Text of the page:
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By Susan Cornwell
WASHINGTON (Reuters) - Cuba's Raul Castro has kept the system his brother Fidel used to repress critics, refusing to free scores of people imprisoned years ago and jailing others for "dangerousness," Human Rights Watch said in a report issued on Wednesday.
The assessment came at a critical moment, as President Barack Obama says he wants to "recast" ties with Cuba and Congress is considering lifting a ban on U.S. travel to the Communist-run island 90 miles from Florida.
Fidel Castro temporarily ceded power to his younger brother Raul in July, 2006 and formally stepped aside as president last year because of illness.
Raul Castro has relied in particular on a Cuban law that lets the state imprison people even before they commit a crime, Human Rights Watch said.
The group documented more than 40 cases under Raul Castro in which Cuba has imprisoned individuals for "dangerousness" because they sought to do things such as stage peaceful marches or organise independent labour unions.
In addition, 53 prisoners who were sentenced in a 2003 crackdown on dissidents under Fidel Castro are still in jail, the report by the global human rights monitor said.
Systematic repression has created a climate of fear among Cuban dissidents, and prison conditions are inhumane, said Human Rights Watch, whose researchers travelled to the island for two weeks during the summer for their report.
Jail is only one of the tactics used, it said. "Dissidents who try to express their views are often beaten, arbitrarily arrested, and subjected to public acts of repudiation."
In one recent well-publicized example, Cuban dissident blogger Yoani Sanchez said she was beaten this month by men she thinks were state security agents.
The independent Cuban Commission on Human Rights estimated this year that Cuba has 200 political prisoners. It says the government now favours brief detentions over long sentences because they intimidate without hurting Cuba's image abroad.
In Congress, a key Democrat said the report showed the need to lift the U.S. travel ban on Cuba. That would be "the best anti-Castro-policy," House Foreign Affairs Committee Chairman Howard Berman told Reuters.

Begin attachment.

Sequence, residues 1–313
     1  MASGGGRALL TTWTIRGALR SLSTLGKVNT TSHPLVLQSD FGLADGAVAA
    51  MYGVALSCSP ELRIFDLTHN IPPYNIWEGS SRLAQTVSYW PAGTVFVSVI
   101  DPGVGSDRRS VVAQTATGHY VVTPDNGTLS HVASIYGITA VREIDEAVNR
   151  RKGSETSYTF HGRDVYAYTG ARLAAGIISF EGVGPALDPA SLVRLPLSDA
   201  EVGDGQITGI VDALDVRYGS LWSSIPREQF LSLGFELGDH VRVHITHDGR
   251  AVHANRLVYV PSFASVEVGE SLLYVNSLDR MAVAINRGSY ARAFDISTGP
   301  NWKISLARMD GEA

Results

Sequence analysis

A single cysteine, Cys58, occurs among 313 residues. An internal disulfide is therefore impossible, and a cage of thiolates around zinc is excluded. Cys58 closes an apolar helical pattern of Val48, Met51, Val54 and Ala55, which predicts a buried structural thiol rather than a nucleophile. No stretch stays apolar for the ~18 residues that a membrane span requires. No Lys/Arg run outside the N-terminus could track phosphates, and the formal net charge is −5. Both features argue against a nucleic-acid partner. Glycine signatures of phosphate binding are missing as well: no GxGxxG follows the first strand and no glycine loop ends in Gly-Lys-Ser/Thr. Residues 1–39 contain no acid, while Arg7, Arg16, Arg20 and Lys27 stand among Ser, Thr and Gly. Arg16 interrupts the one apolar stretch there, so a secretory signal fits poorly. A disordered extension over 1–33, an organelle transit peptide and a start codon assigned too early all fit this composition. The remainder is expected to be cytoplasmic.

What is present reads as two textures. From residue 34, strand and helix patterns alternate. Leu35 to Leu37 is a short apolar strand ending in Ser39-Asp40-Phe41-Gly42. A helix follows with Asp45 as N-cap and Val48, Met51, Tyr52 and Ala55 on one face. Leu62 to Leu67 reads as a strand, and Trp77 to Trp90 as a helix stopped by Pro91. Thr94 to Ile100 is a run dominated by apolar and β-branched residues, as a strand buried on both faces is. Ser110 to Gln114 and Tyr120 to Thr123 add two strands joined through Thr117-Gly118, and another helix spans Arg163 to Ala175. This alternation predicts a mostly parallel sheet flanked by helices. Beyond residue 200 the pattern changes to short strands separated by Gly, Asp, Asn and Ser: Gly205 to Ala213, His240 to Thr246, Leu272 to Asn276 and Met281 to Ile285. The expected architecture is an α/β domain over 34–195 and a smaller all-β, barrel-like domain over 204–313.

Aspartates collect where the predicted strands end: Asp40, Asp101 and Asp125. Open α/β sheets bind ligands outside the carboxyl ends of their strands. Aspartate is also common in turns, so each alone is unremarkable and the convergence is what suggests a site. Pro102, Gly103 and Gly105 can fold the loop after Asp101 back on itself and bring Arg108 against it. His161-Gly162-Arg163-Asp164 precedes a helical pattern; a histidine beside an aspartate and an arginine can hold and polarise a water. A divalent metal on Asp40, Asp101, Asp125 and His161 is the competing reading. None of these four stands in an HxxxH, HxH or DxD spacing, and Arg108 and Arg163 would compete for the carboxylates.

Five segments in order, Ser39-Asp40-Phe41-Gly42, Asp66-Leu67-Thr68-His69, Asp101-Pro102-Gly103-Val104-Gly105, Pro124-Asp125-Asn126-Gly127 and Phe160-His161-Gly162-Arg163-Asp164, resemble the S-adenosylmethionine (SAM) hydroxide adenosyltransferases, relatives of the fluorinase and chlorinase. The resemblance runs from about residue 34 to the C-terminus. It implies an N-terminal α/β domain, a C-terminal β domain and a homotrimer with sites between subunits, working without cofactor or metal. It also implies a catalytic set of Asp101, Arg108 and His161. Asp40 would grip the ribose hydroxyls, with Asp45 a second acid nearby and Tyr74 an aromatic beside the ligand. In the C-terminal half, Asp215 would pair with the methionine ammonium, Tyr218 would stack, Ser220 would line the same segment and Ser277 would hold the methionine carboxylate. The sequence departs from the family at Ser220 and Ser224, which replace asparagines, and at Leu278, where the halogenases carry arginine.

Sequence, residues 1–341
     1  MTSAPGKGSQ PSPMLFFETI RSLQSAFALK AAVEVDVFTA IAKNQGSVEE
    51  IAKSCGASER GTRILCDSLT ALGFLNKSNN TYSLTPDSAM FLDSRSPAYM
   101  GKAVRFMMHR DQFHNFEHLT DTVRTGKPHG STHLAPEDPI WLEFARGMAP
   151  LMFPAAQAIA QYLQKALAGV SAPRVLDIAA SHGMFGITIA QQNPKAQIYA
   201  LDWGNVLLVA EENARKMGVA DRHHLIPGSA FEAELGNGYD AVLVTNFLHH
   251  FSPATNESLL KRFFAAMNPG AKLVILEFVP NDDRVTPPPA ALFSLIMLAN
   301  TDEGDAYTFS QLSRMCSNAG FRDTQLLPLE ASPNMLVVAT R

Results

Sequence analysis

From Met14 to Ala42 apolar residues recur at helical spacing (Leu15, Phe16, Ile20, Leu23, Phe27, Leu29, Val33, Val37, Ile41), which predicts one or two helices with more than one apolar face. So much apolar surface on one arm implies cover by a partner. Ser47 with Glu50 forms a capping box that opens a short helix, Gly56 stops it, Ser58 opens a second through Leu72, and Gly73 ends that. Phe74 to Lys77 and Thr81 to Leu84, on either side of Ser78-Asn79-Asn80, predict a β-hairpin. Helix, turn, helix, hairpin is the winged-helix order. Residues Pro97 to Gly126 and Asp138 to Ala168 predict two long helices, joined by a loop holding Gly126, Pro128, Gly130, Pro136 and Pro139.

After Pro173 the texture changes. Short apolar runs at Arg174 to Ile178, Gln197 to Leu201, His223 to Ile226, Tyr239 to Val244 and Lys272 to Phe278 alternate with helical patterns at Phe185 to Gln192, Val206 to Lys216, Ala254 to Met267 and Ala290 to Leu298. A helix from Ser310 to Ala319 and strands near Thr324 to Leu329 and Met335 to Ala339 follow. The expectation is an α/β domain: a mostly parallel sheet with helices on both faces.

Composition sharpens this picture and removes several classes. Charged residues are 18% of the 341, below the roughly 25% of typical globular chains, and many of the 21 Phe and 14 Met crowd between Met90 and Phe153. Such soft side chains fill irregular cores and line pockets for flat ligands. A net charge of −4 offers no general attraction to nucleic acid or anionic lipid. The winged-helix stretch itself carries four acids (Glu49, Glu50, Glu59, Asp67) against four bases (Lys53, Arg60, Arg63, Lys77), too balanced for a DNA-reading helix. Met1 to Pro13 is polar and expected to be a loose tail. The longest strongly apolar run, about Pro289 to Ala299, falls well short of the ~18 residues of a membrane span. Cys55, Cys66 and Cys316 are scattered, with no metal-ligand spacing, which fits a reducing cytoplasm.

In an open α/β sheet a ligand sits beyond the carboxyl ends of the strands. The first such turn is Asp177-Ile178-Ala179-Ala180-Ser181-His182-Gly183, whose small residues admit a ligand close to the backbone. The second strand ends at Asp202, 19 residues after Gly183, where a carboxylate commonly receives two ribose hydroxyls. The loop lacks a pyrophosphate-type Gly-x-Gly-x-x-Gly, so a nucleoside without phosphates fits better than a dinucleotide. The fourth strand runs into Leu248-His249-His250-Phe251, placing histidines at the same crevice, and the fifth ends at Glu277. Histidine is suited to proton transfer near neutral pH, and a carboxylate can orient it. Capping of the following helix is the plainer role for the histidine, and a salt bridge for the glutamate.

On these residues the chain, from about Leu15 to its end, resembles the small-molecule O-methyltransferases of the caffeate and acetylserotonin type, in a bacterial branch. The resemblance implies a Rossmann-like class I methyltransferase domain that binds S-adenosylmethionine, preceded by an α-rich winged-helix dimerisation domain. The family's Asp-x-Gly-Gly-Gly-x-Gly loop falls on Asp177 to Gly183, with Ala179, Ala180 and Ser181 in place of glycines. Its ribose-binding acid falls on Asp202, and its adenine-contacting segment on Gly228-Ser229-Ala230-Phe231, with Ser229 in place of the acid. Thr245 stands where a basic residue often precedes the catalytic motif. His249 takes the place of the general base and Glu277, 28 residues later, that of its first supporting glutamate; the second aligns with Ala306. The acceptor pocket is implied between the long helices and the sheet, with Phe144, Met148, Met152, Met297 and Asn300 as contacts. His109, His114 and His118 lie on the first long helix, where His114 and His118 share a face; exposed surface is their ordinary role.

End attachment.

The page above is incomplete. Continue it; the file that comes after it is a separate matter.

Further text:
Americans visiting Cuba would be ambassadors of democratic values, thus undermining the Castro government, he said.
"I think the Castro regime likes our current policy. They are very nervous about us opening up travel to Cuba," Berman said. He is holding a hearing on Thursday to consider legislation by Democrat Bill Delahunt to lift the travel ban.
Human Rights Watch urged a multilateral approach to press the Cuban government to improve its rights record, focussing on the release of political prisoners, instead of seeking to change Cuba's one-party system through a unilateral embargo.
The United States has restricted trade and travel with Cuba since the 1960s in what started as a Cold War policy to isolate Fidel Castro after his 1959 revolution. But the U.S. embargo has lost international support, with only Israel and Palau backing the U.S. policy at the United Nations this year.
Since taking office in January, Obama has taken steps to ease the embargo as well as reopen dialogue with Havana.
But he also has called on its government to reciprocate by freeing detained dissidents and improving human rights.
Human Rights Watch favours an end to the U.S. travel ban. It says Washington should also end its "failed embargo policy" that has won sympathy for the Castro government abroad.
But before lifting the embargo the United States should agree with allies in Europe and Latin America to jointly demand the immediate release of Cuban political prisoners, it said.
If Havana does not respond in six months, countries should impose joint punitive measures on Cuba, the report said.
(Additional reporting by Anthony Boadle, editing by David Storey)

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